The fifty-one year old Omar Othman, Abu Qatada al-Filistini, a Palestinian refugee with Jordanian nationality has spent the last six years in various maximum security prisons for Category A offenders. Since his original detention in October 2002, every attempt to deport him to Jordan has been frustrated. The law lords ruled three years ago that he could be sent back but the Strasbourg decision overturned that ruling.
The Home Office clashed openly with judges on Monday when it criticised a decision to free on bail, Abu Qatada, who is accused of posing a grave threat to British national security. The decision by Mr Justice Mitting will see Abu Qatada, once described as Osama bin Laden’s righthand man in Europe, walk out of Long Lartin maximum security prison in Worcestershire after more than six and a half years in detention without trial – the longest period in modern times [see footnote].
The Special Immigration Appeals Commission (SIAC) has imposed some of the most draconian bail conditions seen since 9/11, including a twenty-two hour curfew, but this did little to assuage the anger of the Home Office ministers or politicians from all parties at the decision.
The clash takes the battle between politicians and the judiciary into new territory as Abu Qatada is a major international terror suspect. He was first detained without trial in Britain under the quashed Belmarsh regime nearly a decade ago, in October 2002.
The decision taken by the high court judge at SIAC follows the ruling by the European court of human rights that he could not be deported toJordan because he would face a “flagrant denial of justice” – a retrial based on evidence obtained through torture. Abu Qatada had been detained under immigration laws for the past six and half years pending his deportation to Jordan.
A Home Office spokesperson said he should remain in detention:
“This is the argument we made in court and we disagree with its decision. This is a dangerous man who we believe poses a real threat to our security and who has not changed in his views or attitude to the UK.”
The Home Office said it will consider an appeal against the European court’s ruling. It will also continue a fresh attempt to secure diplomatic assurances from Jordan that Abu Qatada will not face a trial based on torture-tainted evidence. The British ambassador held two meetings last week with the Jordanian authorities to try to open talks on the issue. But the decision angered both Labour and Conservative backbenchers.
The former Labour home secretary David Blunkett said the decision had left the government facing a very real difficulty:
“It is an unholy mess. We are left in the absurd position of not being able to remove a man even though everyone accepts he won’t be tortured, not being able to keep him in prison because his human rights trump the protection of the British people, and a government that has watered down control orders so that they are more lax than was previously the case.”
The Conservative backbencher Dominic Raab echoed Blunkett’s anger:
“This result is a direct result of the perverse ruling by the Strasbourg court. It makes a mockery of human rights law that a terrorist suspect deemed ‘dangerous’ by our courts can’t be returned home, not for fear that he might be tortured, but because European judges don’t trust the Jordanian justice system.”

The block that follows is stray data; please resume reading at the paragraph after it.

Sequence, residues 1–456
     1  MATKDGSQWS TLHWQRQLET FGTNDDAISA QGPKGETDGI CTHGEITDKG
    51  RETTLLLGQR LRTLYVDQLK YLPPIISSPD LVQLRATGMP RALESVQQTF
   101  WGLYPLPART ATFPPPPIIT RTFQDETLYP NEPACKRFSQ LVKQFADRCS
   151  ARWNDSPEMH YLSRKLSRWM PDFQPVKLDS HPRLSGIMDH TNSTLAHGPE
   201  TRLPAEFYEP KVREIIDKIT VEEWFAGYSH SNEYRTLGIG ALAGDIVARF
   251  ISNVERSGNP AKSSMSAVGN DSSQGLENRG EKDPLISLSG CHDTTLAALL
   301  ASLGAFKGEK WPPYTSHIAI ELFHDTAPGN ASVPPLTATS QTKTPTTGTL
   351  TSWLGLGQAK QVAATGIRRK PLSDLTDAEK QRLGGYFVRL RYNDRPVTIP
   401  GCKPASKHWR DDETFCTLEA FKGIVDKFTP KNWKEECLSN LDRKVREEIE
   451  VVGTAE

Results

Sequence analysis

The bail conditions set down by Mr Justice Mitting are draconian, comprising a twenty-two hour curfew rather than the “overnight residence requirement” specified in the coalition’s replacement for control orders. They include an electronic tag, MI5 vetting of all his visitors except for immediate family, and monitoring of his communications. The delay in his release is to allow the security services to check the proposed bail address and organise their surveillance operation.
In his ruling, the judge said that although the six and half years Abu Qatada had been detained under immigration powers was “unusually long”, he agreed with the home secretary that it was also lawfully justified. However, he added: “The time will arrive quite soon when continuing detention or deprivation of liberty could not be justified.” The Siac judge warned the home secretary, Theresa May, that Abu Qatada’s “highly prescriptive” bail terms would be relaxed after three months if there is no “demonstrable progress” made with the Jordanians.
The bail conditions mirror those set in 2008 when he was released for six months before being returned to prison on unspecified national security grounds. The judge said the risks to national security and of absconding in the case had not significantly changed since then.
During the one-day bail hearing, Edward Fitzgerald QC, representing Abu Qatada, argued that his detention had gone on too long to be reasonable and there was no prospect of the detention ending in any reasonable period. Even if new diplomatic assurances were secured it would only trigger a new round of litigation in the English courts.”There comes a time when it’s just too long, however grave the risks,” said Fitzgerald.
The shadow home secretary, Yvette Cooper, said May had to explain urgently what action she was taking on the national security implications of the ruling. “Abu Qatada should face terror charges in Jordan, and the home secretary needs to urgently accelerate discussions with the Jordanian government to make that possible,” she said. The home secretary also had to spell out the counter-terror safeguards that will be taken to lower the national security risk.
The security services have never disclosed the actual cost of mounting round-the-clock surveillance operations on terror suspects such as Abu Qatada but it does have serious implications for their resources.